But when people start in place of a lot of stress, suffering, or pain, it’s like you need to work on calm breathing longer before you actually start to get the measurable changes or the change that you can see with the biofeedback machine.
Kathryn: OK, that’s interesting. Let me see if I can summarize that to see if I actually got it right. You’re hooked up to this machine. It’s measuring some things. And you said that when people are in a more calm state or not in a pain experience, then something like shifting their breath can change the metrics that this machine is measuring.
But when somebody is in that pain experience, did you say it takes more effort to calm things down?
Neil Pearson: Often it takes more time.
Kathryn: More time.
Neil Pearson: It seems that the more we are stressed or suffering or in pain, the harder it is to change one aspect of self through another aspect of self. I would say that’s an observation that I’ve seen. The more we’re in that state of calm, the easier it is to change your mind and then see the change in the body or to change the body and see the change in the mind. And the more you’re under stress, it’s like you have to do more of it to be able to get the change in the other aspect of yourself.
Kathryn: What do you think about the idea of good pain and bad pain? Oftentimes I hear someone say like, “well, you have to be able to know the difference between good pain and bad pain”. I’m wondering how you usually approach that idea.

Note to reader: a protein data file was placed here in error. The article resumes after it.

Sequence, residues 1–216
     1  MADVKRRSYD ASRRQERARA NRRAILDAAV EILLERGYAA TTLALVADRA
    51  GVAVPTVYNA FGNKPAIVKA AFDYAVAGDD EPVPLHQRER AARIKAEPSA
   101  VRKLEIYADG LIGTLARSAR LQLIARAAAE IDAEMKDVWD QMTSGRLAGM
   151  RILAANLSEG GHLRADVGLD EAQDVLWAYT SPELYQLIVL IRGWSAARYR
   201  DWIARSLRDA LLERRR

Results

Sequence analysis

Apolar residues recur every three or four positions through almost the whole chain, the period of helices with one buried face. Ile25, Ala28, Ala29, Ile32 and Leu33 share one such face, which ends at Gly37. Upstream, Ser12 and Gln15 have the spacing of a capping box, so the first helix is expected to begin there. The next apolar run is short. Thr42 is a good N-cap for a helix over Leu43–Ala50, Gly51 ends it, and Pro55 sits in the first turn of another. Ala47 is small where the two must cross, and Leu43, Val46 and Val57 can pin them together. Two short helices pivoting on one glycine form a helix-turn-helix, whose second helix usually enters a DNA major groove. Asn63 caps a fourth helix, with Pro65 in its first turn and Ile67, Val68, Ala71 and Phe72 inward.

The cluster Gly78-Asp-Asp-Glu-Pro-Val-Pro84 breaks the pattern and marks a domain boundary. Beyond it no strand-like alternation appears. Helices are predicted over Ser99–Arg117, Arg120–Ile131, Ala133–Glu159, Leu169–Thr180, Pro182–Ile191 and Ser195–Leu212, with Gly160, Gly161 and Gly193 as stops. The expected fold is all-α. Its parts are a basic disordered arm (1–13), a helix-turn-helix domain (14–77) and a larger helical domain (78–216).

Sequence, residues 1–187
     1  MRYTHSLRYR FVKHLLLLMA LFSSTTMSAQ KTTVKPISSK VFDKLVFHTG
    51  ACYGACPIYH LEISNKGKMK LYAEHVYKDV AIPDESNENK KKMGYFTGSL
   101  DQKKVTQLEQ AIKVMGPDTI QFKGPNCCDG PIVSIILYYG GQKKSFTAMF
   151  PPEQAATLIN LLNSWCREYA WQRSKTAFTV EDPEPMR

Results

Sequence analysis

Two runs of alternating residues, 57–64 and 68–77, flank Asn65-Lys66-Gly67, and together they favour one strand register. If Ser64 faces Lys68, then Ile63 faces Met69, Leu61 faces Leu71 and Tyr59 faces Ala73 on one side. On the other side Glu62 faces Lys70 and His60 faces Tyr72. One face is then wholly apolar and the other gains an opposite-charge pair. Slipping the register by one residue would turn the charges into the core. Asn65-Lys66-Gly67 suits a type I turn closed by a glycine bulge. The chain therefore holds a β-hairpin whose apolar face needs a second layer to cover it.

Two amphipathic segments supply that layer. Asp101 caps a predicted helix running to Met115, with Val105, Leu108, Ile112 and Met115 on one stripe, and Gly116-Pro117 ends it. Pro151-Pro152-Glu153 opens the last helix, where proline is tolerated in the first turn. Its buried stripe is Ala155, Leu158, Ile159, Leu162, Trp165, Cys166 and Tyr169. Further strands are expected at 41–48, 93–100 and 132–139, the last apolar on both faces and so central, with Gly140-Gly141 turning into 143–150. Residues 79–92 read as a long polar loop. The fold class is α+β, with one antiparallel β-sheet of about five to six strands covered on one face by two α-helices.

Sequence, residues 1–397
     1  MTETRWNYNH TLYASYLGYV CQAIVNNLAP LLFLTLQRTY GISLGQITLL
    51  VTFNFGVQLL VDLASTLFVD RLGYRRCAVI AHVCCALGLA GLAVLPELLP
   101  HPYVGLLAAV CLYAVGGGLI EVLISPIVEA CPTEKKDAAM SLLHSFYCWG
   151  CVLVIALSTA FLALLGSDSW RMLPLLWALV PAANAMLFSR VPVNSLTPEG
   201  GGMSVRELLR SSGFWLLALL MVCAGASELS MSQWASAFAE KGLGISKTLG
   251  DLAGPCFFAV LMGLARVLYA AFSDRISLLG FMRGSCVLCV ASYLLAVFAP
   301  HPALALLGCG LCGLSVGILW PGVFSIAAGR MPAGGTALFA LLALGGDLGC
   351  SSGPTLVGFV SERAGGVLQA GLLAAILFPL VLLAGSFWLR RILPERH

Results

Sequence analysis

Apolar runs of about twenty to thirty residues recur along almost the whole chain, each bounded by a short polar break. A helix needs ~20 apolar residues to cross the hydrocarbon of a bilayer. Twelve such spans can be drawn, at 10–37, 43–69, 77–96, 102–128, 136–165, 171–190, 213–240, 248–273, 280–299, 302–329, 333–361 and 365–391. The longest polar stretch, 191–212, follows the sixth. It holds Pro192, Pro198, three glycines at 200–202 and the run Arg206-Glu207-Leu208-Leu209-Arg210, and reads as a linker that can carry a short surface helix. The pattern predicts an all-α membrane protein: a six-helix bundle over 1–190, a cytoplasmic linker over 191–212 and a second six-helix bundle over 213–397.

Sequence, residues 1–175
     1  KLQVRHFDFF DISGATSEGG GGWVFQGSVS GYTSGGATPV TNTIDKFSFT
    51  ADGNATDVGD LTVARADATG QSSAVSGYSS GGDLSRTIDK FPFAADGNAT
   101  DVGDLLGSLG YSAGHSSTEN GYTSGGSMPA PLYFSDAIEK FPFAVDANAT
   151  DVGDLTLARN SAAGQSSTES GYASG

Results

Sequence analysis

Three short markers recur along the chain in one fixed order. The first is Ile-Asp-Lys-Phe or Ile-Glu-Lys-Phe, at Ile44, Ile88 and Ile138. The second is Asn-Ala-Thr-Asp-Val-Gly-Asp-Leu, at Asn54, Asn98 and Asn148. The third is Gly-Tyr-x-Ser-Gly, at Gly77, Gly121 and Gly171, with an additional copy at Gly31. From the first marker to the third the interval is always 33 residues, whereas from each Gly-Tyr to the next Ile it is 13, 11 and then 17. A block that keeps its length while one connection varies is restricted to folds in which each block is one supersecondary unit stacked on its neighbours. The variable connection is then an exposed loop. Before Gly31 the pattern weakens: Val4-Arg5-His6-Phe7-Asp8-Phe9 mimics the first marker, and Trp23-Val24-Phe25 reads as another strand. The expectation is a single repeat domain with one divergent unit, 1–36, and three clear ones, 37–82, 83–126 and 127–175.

Neil Pearson: It’s a great question because it’s something that people come up with a lot. I know there was one yoga author that actually had written this idea that everyone knows the difference between good pain and bad pain.
Of course, my reaction will be as well, no we don’t. That’s part of the reason why sometimes people get injured when we’re doing sport or exercise or yoga because we don’t know if this is a message to stop.
It’s really hard to come up with a really precise and really short answer. But I’ll do my best. I think that the more we become aware, the more we start to learn to pay attention to not just pain, but to other protective mechanisms within us or other interceptive sensations, the more likely we are to be able to come to a better differentiation of the sensation or this pain that I’m having is OK.
But when it’s like this, I know it’s not. Hopefully, that makes sense as a start. We then need to go to the idea is that pain by itself is not an accurate indication of whether something is truly dangerous to the tissues of the body. Pain is not an accurate indication of the health of our tissues. And so when we feel pain, the system is saying, “Hey, you know, maybe you should stop or change your behavior here”. But that’s not saying that you are damaged or close to damage.
It’s the system saying stop or change your behavior. It’s not accurate. When we move and we feel pain, the system is trying to get us to change our behavior. What we need to do is figure out is it OK to stay here? Because maybe the behavior we need to change is we could calm our breath or calm our body tension or calm our mind.
If you do that, it actually may change the amount of pain you have so you can actually stay longer, Maybe to say that in a different way is the more we practice awareness, the more we become more discerning about what is the right amount of effort, the right amount of pushing. The ok amount of pain while we’re exercising.
Kathryn: When you encourage people…they do a movement, they feel pain, and then it’s like, “OK, notice your body tension. What’s your breathing like? Do you think you’re going to regret this later?” You know, all of these great skills. Do you find at that moment, when people are going through this, becoming more discerning, a little exploration, do you find that sometimes people’s pain actually decreases like in that specific moment?